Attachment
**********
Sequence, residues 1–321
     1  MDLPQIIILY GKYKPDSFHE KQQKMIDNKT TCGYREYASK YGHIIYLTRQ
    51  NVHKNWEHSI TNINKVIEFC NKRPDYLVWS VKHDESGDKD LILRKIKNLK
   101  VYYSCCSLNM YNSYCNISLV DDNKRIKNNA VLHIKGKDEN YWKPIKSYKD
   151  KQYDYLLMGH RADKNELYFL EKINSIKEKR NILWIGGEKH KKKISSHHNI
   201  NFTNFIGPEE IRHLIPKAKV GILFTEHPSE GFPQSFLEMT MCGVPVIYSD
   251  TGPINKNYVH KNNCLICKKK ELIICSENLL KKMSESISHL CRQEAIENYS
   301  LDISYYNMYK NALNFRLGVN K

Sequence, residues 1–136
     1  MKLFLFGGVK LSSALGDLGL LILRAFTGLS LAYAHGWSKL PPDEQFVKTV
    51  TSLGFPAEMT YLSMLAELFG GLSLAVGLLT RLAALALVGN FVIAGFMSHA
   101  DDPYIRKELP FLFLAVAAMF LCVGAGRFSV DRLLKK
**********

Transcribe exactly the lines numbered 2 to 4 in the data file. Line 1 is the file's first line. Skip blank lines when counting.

     1  MDLPQIIILY GKYKPDSFHE KQQKMIDNKT TCGYREYASK YGHIIYLTRQ
    51  NVHKNWEHSI TNINKVIEFC NKRPDYLVWS VKHDESGDKD LILRKIKNLK
   101  VYYSCCSLNM YNSYCNISLV DDNKRIKNNA VLHIKGKDEN YWKPIKSYKD